Times of Trenton v. Lafayette Yard CDC was a case before the New Jersey Supreme Court in 2005 concerning the applicability of open records laws to non-profits. In this case, the Court unanimously ruled that Lafayette Yard CDC, a private non-profit, was subject to the provisions of the New Jersey Open Public Records Act because it issued city-backed bonds and the majority of its board was appointed by the city council of Trenton. The litigation arose because the board of Lafayette Yard CDC kicked a reporter for the Trenton newspaper out of a meeting on the grounds that, as a private non-profit, they were not subject to open records or open meetings laws.
This case established a number of important precedents:
- The definitions of public agency and public body within the open records and open meetings acts respectively need to be considered separately, though the case alluded to their high degree of compatibility and correlation.
- This case established that high degrees of control of a private corporation by a public body can be construed as the public body permitting the creation of the private corporation which would qualify that private corporation as a public agency subject to the OPRA.
- Lafayette Yard CDC was incorporated as a private non-profit on June 8, 1998. Its articles of incorporation indicate that it was founded for the sole purpose of assisting the city of Trenton with the development of a 3 acre site known as Lafayette Yard. Based on its status with the IRS, the corporation was permitted to issue bonds on behalf of the municipality under which it served and upon dissolution, all of its resources would return to that municipality. In addition, the city of Trenton held the right to appoint and remove the vast majority of members of the corporation's board. Finally, the corporate board is not permitted to change its bylaws without approval of the mayor of Trenton.
- On July 1, 1999, the city approved the sale of the property to Lafayette Yard CDC with the agreement that the corporation would develop the land to include a hotel, parking area and conference center. Shortly after, the city adopted a proposal which approved the corporations fiscal plan. This approval required the city to acknowledge that the corporation was performing a public function in the public interests and was allowed to issue bonds in order to better fund the project at hand.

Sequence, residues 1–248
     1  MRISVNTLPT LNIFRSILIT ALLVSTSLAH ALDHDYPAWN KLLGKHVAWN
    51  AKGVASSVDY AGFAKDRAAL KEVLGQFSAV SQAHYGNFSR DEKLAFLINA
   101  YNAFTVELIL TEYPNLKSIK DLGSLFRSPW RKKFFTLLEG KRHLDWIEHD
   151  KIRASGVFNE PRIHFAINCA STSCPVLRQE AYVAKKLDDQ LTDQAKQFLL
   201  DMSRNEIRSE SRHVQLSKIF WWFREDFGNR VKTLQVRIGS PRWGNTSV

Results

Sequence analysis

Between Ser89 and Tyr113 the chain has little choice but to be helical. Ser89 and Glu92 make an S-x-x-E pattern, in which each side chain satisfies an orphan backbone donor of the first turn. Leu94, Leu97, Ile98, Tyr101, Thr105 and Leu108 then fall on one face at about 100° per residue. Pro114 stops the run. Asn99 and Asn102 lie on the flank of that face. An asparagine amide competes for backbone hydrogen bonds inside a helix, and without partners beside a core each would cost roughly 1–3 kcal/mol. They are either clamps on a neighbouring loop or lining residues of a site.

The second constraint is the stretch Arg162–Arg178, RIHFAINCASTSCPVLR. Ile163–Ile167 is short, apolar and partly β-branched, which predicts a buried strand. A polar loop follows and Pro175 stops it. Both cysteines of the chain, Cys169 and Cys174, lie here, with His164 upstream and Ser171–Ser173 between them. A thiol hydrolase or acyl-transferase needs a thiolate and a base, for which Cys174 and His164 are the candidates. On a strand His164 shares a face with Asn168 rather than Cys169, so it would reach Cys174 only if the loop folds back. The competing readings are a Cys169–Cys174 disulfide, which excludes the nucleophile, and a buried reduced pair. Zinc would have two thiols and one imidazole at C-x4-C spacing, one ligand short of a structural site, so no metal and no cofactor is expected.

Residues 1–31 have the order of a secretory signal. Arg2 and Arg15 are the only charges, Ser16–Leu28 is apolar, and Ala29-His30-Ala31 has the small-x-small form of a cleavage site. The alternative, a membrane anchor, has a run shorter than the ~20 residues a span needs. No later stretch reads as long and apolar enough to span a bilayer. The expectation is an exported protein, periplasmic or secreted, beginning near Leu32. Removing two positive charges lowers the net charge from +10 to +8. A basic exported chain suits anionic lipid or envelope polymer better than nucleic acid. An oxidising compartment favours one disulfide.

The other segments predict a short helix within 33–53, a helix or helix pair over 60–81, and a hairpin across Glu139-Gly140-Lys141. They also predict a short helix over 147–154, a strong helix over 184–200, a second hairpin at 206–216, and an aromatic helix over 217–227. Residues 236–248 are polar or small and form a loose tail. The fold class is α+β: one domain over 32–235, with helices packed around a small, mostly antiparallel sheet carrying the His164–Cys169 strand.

- On April 1, 2000, a resolution went into effect that announced that the city backed the bonds issued by the corporation and pledged their full repayment in the event that profits from the construction projects failed to cover the costs.
- In March 2002, reporters for The Times of Trenton Publishing Corporation were repeatedly denied access to meetings and denied access to minutes of meetings of the corporation. The corporation alleged that because it was a private corporation, it was not subject to the New Jersey Open Public Records Act and New Jersey Open Public Meetings Act.
- On October 9, 2002, the Times filed suit in court seeking to compel the corporation to permit public access to its meetings and minutes.
- The trial judge dismissed the case on February 3, 2003, ruling in favor of Lafayette Yard CDC.
- The Times appealed the decision and the Court of Appeals reversed the decision and ruled in favor of the times.
- The corporation appealed the final decision.
Ruling of the court
The trial court ruled in favor of the corporation, determining that it was not a public body subject to the New Jersey sunshine laws. Based on this decision, the court dismissed the case.
The Court of Appeals however, overturned the decision of the trial court. It determined that because it served a public function and that it had received public funds through the discounted purchase of the property, it was in fact a public body subject to the state laws.
The Supreme Court overturned the decision of the trial court, instead affirming the decision of the Court of Appeals and deciding that the corporation was a public body subject to the law. The court first cited the New Jersey Constitution, which includes the redevelopment of "blighted areas" as one of the core governmental functions of public bodies within the state. The court went on to determine that because the corporation performs this function with the financial backing of the city, it is in fact a public body subject to the open meetings laws. The court decided not to address the issue of public funding through the sale of property at below market value as it had already made a determination in this case. The Court went on to reject the corporation's contention that it was created by the public, instead pointing to the stark degree of control held by the city and the fact that the corporation could not have been created without its permission. Based on its public function and this degree of control, the Court determined that the corporation was in fact a public body and subject to both of the laws.